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Thursday, 25 January, 2001, 15:03 GMT
Fears of a hard landing
'Forum News Daily', a daily publication of the World Economic Forum
On the opening day of the Forum the US Economy dominates discussion
by BBC News Online's Orla Ryan in Davos

The only topic of conversation in Davos this year looks set to be the prospects for a hard landing in the US.

Barricaded from the cold and the discontented, leading world economists kicked off the week-long conference in the Swiss ski resort with a discussion of the prospects for the world's largest economy.

"It is going to be real and hurtful

Alan Blinder, Princeton University
Alan Blinder, a former vice chairman of the Federal Reserve , and Kenneth Courtis, of Goldman Sachs, told the BBC that even a slight slowdown in the US would hit world economies hard.

"It is going to be real and hurtful,"Alan Blinder, currently professor of economics at Princeton University said.

Mr Blinder was vice chairman of the Board of Governors of the Federal Reserve Bank between 1994 and 1996.

Sector pain

For some sectors, the effect of a slowdown will be more extreme than others.

"In an economy that goes from 5.5% to 2%, some sectors will go from plus 10% to minus 3%.They will really feel it," Mr Blinder added, referring in particular to the already troubled automotive sector.

Alan S. Blinder, Prof. Economics of the Princeton University,
Alan S. Blinder, during the session 'Hard or Soft Landing? The Impact on the World Economy

He reserves judgement as to whether the expected slowdown will in fact turn to recession.

"I think by most definitions it is going to be slightly on the hard side. For some people a hard landing means a recession. While that is a possibility, that is not a probability," he added.

But if, as he expects, 1% is knocked off world growth, the effects of this will be felt worldwide.

The effect on emerging markets could be "negative and catastrophic", in part because many emerging markets rely on developed countries to buy their exports.

Debt fears

It also isn't just emerging markets, which are vulnerable to a slowdown, Goldman Sach's Courtis said "the G7 is slowing, Japan is slowing and Europe is slowing. We are going to see a lot of bad news."

The situation is further complicated by the build up of private sector and emerging market debt. Falling interest rates could result an implosion of this debt, Mr Courtis said, hitting the banking sector hard.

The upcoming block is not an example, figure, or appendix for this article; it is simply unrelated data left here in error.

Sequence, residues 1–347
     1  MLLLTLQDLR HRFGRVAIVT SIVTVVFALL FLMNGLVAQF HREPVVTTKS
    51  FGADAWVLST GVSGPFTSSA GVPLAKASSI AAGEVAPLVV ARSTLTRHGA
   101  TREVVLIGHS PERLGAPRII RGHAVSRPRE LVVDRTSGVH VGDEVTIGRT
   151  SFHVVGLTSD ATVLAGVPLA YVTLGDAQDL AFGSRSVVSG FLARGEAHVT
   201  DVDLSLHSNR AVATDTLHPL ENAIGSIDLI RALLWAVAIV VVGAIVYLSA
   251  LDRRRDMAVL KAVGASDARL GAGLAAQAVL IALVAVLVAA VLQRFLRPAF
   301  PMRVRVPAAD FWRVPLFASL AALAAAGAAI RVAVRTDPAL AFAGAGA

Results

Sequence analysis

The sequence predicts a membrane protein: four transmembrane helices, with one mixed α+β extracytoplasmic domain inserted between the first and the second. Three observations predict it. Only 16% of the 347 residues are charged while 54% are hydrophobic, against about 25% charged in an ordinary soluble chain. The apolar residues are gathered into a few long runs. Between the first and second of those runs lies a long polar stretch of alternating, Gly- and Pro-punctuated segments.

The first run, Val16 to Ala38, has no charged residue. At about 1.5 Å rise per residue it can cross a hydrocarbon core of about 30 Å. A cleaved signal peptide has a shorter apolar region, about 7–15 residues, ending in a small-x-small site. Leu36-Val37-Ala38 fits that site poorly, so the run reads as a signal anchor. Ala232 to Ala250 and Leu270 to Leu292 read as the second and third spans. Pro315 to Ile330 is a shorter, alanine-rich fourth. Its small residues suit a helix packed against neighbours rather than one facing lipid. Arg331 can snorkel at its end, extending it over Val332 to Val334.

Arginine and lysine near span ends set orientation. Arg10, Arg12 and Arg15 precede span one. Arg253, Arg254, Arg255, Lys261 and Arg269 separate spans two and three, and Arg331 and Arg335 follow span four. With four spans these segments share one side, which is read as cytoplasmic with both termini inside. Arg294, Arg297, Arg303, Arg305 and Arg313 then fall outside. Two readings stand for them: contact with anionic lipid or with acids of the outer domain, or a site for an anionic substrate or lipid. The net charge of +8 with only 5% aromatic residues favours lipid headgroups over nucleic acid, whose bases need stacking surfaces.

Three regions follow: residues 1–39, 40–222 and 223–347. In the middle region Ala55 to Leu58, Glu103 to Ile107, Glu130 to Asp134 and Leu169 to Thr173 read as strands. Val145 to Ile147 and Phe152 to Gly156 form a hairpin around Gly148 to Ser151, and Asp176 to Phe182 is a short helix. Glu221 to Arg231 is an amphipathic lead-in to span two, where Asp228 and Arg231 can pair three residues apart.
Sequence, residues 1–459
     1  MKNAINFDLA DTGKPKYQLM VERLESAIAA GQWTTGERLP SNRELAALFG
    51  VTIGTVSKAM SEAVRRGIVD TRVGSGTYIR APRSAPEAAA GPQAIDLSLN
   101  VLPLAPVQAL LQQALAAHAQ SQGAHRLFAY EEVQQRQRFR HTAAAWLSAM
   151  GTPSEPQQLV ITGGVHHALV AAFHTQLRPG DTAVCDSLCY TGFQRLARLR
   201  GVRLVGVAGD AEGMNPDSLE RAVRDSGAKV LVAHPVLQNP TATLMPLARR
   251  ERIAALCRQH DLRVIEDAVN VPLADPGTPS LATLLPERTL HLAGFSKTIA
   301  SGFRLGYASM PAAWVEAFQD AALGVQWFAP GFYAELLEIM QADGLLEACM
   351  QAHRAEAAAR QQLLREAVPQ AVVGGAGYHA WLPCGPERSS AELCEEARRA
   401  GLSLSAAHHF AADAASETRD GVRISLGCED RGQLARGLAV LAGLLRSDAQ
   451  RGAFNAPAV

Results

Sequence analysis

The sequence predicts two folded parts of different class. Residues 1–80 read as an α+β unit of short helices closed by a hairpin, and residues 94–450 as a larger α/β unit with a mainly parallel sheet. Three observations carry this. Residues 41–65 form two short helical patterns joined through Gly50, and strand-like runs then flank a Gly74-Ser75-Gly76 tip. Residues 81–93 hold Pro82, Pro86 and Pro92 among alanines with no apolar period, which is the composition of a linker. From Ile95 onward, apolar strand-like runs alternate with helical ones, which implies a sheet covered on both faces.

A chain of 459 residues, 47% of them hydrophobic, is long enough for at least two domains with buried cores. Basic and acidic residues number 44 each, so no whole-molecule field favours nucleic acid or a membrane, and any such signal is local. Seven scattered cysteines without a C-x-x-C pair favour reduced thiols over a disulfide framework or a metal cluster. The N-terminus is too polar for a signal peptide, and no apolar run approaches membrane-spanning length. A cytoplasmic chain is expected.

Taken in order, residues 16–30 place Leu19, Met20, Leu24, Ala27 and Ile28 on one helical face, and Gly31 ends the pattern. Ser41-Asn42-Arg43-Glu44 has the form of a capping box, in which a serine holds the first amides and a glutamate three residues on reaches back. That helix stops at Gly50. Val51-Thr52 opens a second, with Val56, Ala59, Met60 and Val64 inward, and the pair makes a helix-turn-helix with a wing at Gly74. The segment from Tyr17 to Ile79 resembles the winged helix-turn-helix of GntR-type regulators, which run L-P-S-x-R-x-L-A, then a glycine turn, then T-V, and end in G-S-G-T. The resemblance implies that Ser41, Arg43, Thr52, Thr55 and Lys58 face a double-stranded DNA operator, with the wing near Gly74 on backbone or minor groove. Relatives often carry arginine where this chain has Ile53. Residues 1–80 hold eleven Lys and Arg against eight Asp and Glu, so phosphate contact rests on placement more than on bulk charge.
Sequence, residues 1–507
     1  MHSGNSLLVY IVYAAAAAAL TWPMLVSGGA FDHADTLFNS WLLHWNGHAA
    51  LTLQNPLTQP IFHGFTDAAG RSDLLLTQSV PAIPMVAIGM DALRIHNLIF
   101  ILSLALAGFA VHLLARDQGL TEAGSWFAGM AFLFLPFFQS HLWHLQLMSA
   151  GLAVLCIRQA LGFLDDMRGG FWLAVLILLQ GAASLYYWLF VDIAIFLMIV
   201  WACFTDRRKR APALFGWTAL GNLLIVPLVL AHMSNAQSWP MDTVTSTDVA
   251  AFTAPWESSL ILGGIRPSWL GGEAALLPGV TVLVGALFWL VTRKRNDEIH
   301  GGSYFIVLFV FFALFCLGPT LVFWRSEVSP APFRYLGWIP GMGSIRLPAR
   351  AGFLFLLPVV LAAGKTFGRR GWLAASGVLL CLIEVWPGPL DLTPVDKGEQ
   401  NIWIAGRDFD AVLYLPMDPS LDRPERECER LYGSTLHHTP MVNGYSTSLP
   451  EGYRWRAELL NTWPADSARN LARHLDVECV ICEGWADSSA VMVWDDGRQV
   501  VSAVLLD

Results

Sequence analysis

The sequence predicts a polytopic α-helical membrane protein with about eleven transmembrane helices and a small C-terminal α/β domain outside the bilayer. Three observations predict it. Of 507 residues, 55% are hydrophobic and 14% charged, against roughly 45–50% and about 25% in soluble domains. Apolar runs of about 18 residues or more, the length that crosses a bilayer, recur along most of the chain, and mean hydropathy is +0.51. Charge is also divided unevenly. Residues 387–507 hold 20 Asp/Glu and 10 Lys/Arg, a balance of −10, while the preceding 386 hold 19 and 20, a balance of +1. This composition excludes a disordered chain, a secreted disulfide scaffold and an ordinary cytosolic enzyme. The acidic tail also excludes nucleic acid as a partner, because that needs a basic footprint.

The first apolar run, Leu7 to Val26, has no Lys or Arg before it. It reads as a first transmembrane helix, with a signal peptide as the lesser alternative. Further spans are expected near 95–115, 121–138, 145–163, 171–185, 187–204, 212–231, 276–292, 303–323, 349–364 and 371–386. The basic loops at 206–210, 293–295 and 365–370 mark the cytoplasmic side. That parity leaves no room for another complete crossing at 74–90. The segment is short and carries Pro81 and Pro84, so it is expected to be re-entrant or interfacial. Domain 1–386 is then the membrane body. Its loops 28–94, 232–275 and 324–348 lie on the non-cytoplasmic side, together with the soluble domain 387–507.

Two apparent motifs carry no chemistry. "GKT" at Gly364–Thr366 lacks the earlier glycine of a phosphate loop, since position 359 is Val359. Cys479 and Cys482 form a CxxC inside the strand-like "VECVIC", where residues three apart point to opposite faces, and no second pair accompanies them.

World markets already had a taste of what this could be like when fears grew that Bank of America could be dragged down by the debts it was owed by the troubled Californian utilities, virtually paralysing the US stock market for a brief time.

More Fed action needed

Consensus is that one interest rate cut in January was not enough and that Federal Reserve chairman Alan Greenspan will choose to cut interest rates at the central bank's meeting next week.

"If the US doesn't cut interest rates a lot and soon, this is not going to be a soft landing," Goldman Sachs' Courtis said.

Professor Blinder foresees interest rates falling 5% or lower.

But the cosy relationship Alan Greenspan enjoyed with the former President Clinton is now a thing of the past, and he has to come to terms with the new President's desire to cut taxes.

This cannot but effect his monetary policy, Mr Blinder said. "That is exactly what Alan Greenspan will have to address personally. Realistically, the answer is probably yes. The tax cuts boost demand and you need less monetary easing."

Mr Greenspan will be addressing Congressional leaders later on Thursday on his views on tax cuts.

And with European leaders such as German finance minister Hans Eichel and ECB economist Otmar Issing set to contiune the discussion over the weekend, it seems unlikely that the debate on the US economy prospects will end there.

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